If you’re facing water drainage issues on your property caused by an adjoining property in Florida, it’s essential to understand the various factors that can impact your legal rights and options. Water disputes in Florida often involve complex rules and considerations, such as the source of the water, the nature of the alterations made to the neighboring property, and the legal doctrines that govern water flow and land use in the state.
Florida follows a modified version of the Reasonable Use Rule, which requires you to prove that your neighbor took some type of affirmative action that caused water damage, the alteration to the land was unreasonable, and this action changed the natural flow of water onto your property. The fact finder may evaluate various factors to determine whether the alteration was reasonable or not, including the relative importance of the alteration and the foreseeability of the damage.
Depending on the specific circumstances, you may be able to pursue compensation for damages or seek equitable remedies under Florida law, such as requiring the neighbor to stop or modify their actions causing the water damage. Legal assistance from an experienced Florida attorney can be invaluable in navigating these complex issues, investigating the cause of the damage, assessing potential remedies, and helping you protect your property and rights. Don’t hesitate to consult a lawyer familiar with Florida law to discuss your specific situation and explore your options for resolving water drainage disputes.
Nature of Water Disputes
Water that comes into a home can cause a significant amount of damage, resulting in ceilings and floors collapsing and possibly the development of mold which can be expensive and difficult to eradicate. Additionally, the structure of a home can be compromised due to flooding, an overflow of water or a buildup of water. When a neighbor’s water leads to damage, serious disputes may arise.
In water disputes, it is often necessary to first determine the source of the water. Generally, neighbors are not held legally responsible for damage to a property that is caused by the natural runoff that occurs when rain or other precipitation meets the earth.
Diversion of Water
However, if the runoff is caused by alterations of a neighbor’s yard that causes more water to run down the land onto the neighbor’s property, legal recourse may be available. Some states have laws that prohibit individuals and businesses from diverting or impounding the natural flow of surface waters that damages another’s property due to overflow caused by the diverted water.
Reasonable Use Rule
Some states use the reasonableness approach to determine whether or not to hold a neighbor responsible for damage caused by water. States that follow this rule generally require an individual to prove that the neighbor took some type of affirmative action that caused a neighbor to sustain water damage, this alteration to the land was unreasonable and this action changed the natural flow of water onto the property. The fact finder may evaluate a number of different factors in order to determine whether the alteration was reasonable or not, including the relative importance of the alteration, whether the damage from the diverted water was reasonably foreseeable at the time the neighbor made the alteration and the difference between the value of the damage to the neighbor’s property than to the increased value of the diverted neighbor’s property.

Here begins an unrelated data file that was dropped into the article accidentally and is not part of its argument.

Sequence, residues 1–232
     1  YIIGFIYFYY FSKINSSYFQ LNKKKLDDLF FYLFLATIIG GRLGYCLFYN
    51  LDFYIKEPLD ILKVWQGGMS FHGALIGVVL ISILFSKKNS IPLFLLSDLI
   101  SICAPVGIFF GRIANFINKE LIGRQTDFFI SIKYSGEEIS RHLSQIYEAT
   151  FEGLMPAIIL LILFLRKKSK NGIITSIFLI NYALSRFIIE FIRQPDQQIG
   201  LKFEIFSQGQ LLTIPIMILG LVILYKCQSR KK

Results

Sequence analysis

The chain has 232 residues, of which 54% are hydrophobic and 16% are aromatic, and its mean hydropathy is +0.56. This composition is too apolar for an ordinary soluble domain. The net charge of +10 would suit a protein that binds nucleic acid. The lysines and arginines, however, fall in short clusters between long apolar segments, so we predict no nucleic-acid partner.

Common Enemy Rule
Another rule that may apply in these situations is the common enemy rule, which requires each landowner to protect his or her own land from surface water. If this step is observed in the state, the landowner can generally take steps that they want to help themselves, such as building drainage ditches. If a neighbor’s diversion leads to more water, the landowner is supposed to take steps to protect his or her own land. Some states follow this rule but have adjusted it to not be as harsh to damaged properties and allows for questions regarding negligence.
Natural Flow Rule
The opposite of the common enemy rule is the Natural Flow Rule. This rule imposes liability on a landowner who changes his or her land in a manner that alters the natural flow of water onto the surface and across the land. States that follow this rule may have adjusted it. The adjusted rule may permit modifications to a person’s land so long as the modification is reasonable. However, there may be a higher duty imposed on landowners to take additional measures to protect his or her own land caused by damage and increased water.
Neighbors who have been adversely affected by a neighbor’s negligence may be able to pursue compensation for the damages that they have suffered. Potential damages include the cost to repair or replace property that is damaged, the cost of temporary lodging while the repairs are being made, medical bills related to the water damage and punitive damages. These damages can often be significant.
Equitable remedies may also be available. The court can order the neighbor to stop taking whatever action that is causing the water damage. It can also order the court to take certain action that will prevent the runoff or minimize it.
Landowners who have been adversely affected by the actions of neighbors may be able to pursue damages that they have sustained with the help of a lawyer. A lawyer can investigate the nature of the claims about the possible cause of the damage, the extent of the damage and potential remedies. He or she may also investigate whether there are any insurance policies in place that may help minimize the damages suffered by the property owner.